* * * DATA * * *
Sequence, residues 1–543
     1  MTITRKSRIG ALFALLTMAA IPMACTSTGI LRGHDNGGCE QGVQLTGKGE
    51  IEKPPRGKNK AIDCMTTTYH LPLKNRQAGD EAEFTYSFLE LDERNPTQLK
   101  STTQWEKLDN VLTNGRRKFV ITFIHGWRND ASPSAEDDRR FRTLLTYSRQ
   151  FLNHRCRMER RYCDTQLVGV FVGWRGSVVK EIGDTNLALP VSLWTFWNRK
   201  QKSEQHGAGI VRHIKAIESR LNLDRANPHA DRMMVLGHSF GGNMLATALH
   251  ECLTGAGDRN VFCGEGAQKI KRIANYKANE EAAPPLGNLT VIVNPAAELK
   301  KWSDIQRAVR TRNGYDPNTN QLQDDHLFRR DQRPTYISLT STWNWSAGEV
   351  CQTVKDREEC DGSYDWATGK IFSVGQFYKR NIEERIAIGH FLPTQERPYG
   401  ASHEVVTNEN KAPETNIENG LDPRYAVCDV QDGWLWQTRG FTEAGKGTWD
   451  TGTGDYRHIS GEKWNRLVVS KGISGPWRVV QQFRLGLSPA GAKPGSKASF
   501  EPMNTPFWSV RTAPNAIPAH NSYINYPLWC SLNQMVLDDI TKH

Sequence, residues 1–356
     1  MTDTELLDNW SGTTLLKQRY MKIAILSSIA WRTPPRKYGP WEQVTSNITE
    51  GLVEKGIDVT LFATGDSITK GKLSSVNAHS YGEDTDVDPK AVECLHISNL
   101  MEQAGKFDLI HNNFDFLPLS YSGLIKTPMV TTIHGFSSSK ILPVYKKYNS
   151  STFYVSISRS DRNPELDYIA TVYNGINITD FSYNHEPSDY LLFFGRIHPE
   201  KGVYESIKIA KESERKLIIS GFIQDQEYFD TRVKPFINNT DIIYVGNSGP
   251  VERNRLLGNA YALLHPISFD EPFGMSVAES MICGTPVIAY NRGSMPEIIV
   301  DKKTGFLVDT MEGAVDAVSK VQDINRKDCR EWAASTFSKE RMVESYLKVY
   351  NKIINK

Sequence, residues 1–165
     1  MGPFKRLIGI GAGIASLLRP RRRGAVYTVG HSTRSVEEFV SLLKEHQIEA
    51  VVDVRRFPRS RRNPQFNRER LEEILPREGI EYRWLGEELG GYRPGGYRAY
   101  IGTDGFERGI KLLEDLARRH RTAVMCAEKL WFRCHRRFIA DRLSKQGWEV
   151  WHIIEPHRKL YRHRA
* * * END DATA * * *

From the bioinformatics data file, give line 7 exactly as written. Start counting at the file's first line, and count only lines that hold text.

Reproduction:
   251  ECLTGAGDRN VFCGEGAQKI KRIANYKANE EAAPPLGNLT VIVNPAAELK